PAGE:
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Maui faces an economic crisis since vacationers have shied away since the wildfires


After a wildfire last month destroyed the Hawaiian town of Lahaina on Maui, activists and celebrities took to social media to tell tourists to stay away from the island. Well, people listened, and now Maui is facing an economic crisis. Here's NPR's Adrian Florido.

ADRIAN FLORIDO, BYLINE: When the fire came, Yariet Olea and her two daughters lost their apartment, all their possessions and their two cats. They barely escaped themselves.

YARIET OLEA: And even right now, I don't believe it yet.

FLORIDO: Before the fire, Olea worked as a busser at a popular Asian fusion restaurant on Lahaina's waterfront.

OLEA: Nothing happened to the restaurant. It was one of the lucky ones. But they're not reopening soon, so yeah, I lost my job, too.

FLORIDO: For Olea and her daughters, the weeks since the fire have been a blur of filling out applications for federal and local aid, visiting food distribution sites, moving into a temporary apartment south of Lahaina paid for by a nonprofit. Now the chaos is quieting, but a nagging worry is settling in. Olea needs to work. She's a single mom. A few days ago, she called a friend.

OLEA: I told my friend, like, if you know someone who needs a housekeeper, I'm up for it. Like, I need to make money.

FLORIDO: Olea is from Mexico. She moved to Lahaina 22 years ago to work as a hotel housekeeper. For most of those years, she has worked three jobs. Usually, work on Maui is easy to find. But since the fire, tourism to the island has plummeted and jobs have vanished.

OLEA: I'm making phone calls, applying online, but no, nobody.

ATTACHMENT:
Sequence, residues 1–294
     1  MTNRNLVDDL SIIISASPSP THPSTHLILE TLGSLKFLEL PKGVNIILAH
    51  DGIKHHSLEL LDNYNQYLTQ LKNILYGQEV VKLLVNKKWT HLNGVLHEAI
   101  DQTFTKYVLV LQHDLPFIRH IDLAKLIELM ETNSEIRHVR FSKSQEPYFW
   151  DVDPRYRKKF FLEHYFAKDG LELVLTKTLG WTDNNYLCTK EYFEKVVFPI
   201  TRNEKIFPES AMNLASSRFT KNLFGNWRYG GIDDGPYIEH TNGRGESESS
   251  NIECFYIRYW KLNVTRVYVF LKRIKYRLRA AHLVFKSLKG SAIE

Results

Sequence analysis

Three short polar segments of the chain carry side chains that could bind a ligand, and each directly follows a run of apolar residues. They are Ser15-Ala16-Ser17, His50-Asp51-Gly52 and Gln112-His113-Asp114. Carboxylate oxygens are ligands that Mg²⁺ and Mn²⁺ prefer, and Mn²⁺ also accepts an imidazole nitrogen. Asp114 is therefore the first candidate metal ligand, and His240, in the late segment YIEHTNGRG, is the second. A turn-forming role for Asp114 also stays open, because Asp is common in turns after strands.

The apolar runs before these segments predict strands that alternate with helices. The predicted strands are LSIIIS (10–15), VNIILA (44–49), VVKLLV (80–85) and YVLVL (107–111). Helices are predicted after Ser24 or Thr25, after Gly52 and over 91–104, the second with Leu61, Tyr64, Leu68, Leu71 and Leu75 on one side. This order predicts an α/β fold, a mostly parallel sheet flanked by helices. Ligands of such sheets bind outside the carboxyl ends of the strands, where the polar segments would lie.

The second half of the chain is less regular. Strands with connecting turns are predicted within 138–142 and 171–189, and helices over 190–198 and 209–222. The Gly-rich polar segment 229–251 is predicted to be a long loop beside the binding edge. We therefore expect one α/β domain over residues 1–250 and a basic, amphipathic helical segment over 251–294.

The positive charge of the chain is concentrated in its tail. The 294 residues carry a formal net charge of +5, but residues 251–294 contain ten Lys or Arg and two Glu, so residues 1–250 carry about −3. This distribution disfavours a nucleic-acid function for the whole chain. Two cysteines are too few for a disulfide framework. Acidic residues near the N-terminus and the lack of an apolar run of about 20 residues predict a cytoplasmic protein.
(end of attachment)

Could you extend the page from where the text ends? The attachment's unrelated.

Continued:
FLORIDO: For now, she's relying on donations and help from nonprofits to get by. In just a few weeks, the economic fallout from the fire in one small town, Lahaina, has spread to all of Maui. Hotels and restaurants sit empty. They've laid off staff or slashed hours. The week before the fire, 130 people on the island filed unemployment claims. The week after the fire, 4,500 people did. Thousands more have applied since.

SERGIO J ALCUBILLA III: Those huge numbers, it's the reality.

FLORIDO: Sergio Alcubilla directs the Hawaii Workers Center, which advocates for the working class.

ALCUBILLA: A lot of people, it may not have been because their restaurant or place of business burned down. But it's just, with the downturn in tourism, you know, we're seeing kind of that trickle-down effect where more and more people are, you know, losing their jobs.

FLORIDO: For people directly affected by the fire, there's some federal aid. But that is a sliver of Maui's population. For everyone else, there's just unemployment insurance. And Alcubilla says for a lot of them, benefits have not arrived.

ALCUBILLA: These workers still need to take care of their families. They still need to pay their rent, and they're going to rely on unemployment insurance. And right now, it is failing them.

FLORIDO: The Hawaii Workers Center recently wrote to Governor Josh Green asking him to speed up unemployment payments and to take other steps to help workers. This isn't the first time Maui has paid the price for its heavy reliance on tourism.

KAHEALANI PELERAS: The aftermath and effects of COVID have definitely already changed people's mindsets and where they, basically, need to be employed.

FLORIDO: Kahealani Peleras is with the Council for Native Hawaiian Advancement, which has been working to train Hawaiians for non-tourism jobs. Since the fire on Maui, they're rushing to prepare people here for jobs that'll be needed to rebuild - hazmat clean-up, construction, big rig drivers.

PELERAS: What we want to provide is the ability to actively participate in the recovery efforts and help rebuild their own communities instead of having to go out of state to bring people in to do those jobs.

FLORIDO: Even so, everyone knows Maui's jobs crisis won't improve until tourists come back. Yariet Olea, the single mom who lost her job, knows it'll be a while before she finds another one. She has picked up a few hours cleaning the houses of people who want to help her.

OLEA: You can just feel, like, how helpful people is, generous, how kind, this aloha feeling.

FLORIDO: Olea knows she could leave Hawaii and find work. But that aloha feeling is why she and her daughters have decided to stay and hope the economy bounces back so they can help rebuild Lahaina.

Adrian Florido, NPR News, Maui. Transcript provided by NPR, Copyright NPR.

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Adrian Florido
Adrian Florido is a national correspondent for NPR covering race and identity in America.